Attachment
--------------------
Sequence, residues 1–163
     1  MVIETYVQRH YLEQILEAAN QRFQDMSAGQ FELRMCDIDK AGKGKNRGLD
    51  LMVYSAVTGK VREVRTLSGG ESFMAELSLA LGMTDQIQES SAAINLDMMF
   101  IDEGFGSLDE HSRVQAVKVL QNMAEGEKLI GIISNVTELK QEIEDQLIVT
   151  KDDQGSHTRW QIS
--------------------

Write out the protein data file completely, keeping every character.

Sequence, residues 1–163
     1  MVIETYVQRH YLEQILEAAN QRFQDMSAGQ FELRMCDIDK AGKGKNRGLD
    51  LMVYSAVTGK VREVRTLSGG ESFMAELSLA LGMTDQIQES SAAINLDMMF
   101  IDEGFGSLDE HSRVQAVKVL QNMAEGEKLI GIISNVTELK QEIEDQLIVT
   151  KDDQGSHTRW QIS